25 October, 2020

That Muted Roar

Saddam's edited court appearance leaves Iraqis strangely dissatisfied

That Muted Roar
For Iraqis, Saddam Hussein’s silence was deafening. Clustered around television screens from Mosul to Basra, the country had ground to a halt, anxiously awaiting to hear their former leader. They waited. And waited. And waited. And when the fateful TV images finally flashed up more than two hours after the top-secret court appearance was over, Iraqi viewers were dismayed that they came without sound. Saddam’s face was clear for all to see. But his voice was removed, thanks to the editing efforts of the US military censors.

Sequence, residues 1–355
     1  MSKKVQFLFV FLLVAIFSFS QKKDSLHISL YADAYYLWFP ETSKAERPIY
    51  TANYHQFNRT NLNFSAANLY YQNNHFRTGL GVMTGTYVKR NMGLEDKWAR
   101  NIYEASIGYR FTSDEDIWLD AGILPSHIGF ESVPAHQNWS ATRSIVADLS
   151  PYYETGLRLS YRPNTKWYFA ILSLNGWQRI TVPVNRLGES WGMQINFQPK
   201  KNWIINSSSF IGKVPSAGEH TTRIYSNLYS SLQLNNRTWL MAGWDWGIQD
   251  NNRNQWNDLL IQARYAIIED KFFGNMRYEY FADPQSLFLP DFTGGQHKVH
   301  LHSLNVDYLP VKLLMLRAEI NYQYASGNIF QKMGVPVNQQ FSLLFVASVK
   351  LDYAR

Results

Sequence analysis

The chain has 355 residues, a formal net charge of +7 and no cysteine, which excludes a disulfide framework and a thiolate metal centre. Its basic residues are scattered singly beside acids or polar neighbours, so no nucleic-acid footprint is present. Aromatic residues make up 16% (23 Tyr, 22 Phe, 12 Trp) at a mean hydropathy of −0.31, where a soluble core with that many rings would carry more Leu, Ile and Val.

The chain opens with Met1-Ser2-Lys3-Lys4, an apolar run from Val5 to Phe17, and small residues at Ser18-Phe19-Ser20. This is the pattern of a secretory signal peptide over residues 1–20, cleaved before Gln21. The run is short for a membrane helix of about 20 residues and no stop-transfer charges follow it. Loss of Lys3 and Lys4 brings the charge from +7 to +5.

Answering for the first time in the role of defendant, Saddam’s July 1 arraignment was meant to be a watershed moment in Iraqi history, comparable only to the fall of his statue in central Baghdad and his subsequent capture last December. The court appearance was expected to complete a trio of images that would serve as psychological stepping-stones on the nation’s tortuous journey from an even more tortuous past. But as the afternoon unfolded in a confounding flurry of pictures without sound, the Iraqi reaction was clear: the journey cannot take...



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